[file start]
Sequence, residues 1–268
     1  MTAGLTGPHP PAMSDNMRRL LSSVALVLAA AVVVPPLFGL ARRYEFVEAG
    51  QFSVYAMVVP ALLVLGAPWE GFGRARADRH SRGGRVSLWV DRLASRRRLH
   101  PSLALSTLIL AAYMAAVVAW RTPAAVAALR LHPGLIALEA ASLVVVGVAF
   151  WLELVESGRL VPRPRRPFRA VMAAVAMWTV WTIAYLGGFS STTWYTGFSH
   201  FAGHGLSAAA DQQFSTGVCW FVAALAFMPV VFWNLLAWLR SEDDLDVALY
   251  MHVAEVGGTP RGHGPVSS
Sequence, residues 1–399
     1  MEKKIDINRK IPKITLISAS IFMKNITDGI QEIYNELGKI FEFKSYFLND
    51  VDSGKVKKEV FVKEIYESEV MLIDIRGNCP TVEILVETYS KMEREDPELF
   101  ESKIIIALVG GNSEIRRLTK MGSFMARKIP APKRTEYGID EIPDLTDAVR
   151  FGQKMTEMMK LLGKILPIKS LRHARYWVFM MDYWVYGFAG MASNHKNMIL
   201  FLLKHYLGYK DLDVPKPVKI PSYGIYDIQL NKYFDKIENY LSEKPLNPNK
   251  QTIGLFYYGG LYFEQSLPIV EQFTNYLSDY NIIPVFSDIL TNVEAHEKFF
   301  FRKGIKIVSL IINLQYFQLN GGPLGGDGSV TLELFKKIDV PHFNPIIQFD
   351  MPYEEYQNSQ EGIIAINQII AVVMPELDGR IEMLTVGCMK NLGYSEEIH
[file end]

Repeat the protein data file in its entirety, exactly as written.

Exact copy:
Sequence, residues 1–268
     1  MTAGLTGPHP PAMSDNMRRL LSSVALVLAA AVVVPPLFGL ARRYEFVEAG
    51  QFSVYAMVVP ALLVLGAPWE GFGRARADRH SRGGRVSLWV DRLASRRRLH
   101  PSLALSTLIL AAYMAAVVAW RTPAAVAALR LHPGLIALEA ASLVVVGVAF
   151  WLELVESGRL VPRPRRPFRA VMAAVAMWTV WTIAYLGGFS STTWYTGFSH
   201  FAGHGLSAAA DQQFSTGVCW FVAALAFMPV VFWNLLAWLR SEDDLDVALY
   251  MHVAEVGGTP RGHGPVSS
Sequence, residues 1–399
     1  MEKKIDINRK IPKITLISAS IFMKNITDGI QEIYNELGKI FEFKSYFLND
    51  VDSGKVKKEV FVKEIYESEV MLIDIRGNCP TVEILVETYS KMEREDPELF
   101  ESKIIIALVG GNSEIRRLTK MGSFMARKIP APKRTEYGID EIPDLTDAVR
   151  FGQKMTEMMK LLGKILPIKS LRHARYWVFM MDYWVYGFAG MASNHKNMIL
   201  FLLKHYLGYK DLDVPKPVKI PSYGIYDIQL NKYFDKIENY LSEKPLNPNK
   251  QTIGLFYYGG LYFEQSLPIV EQFTNYLSDY NIIPVFSDIL TNVEAHEKFF
   301  FRKGIKIVSL IINLQYFQLN GGPLGGDGSV TLELFKKIDV PHFNPIIQFD
   351  MPYEEYQNSQ EGIIAINQII AVVMPELDGR IEMLTVGCMK NLGYSEEIH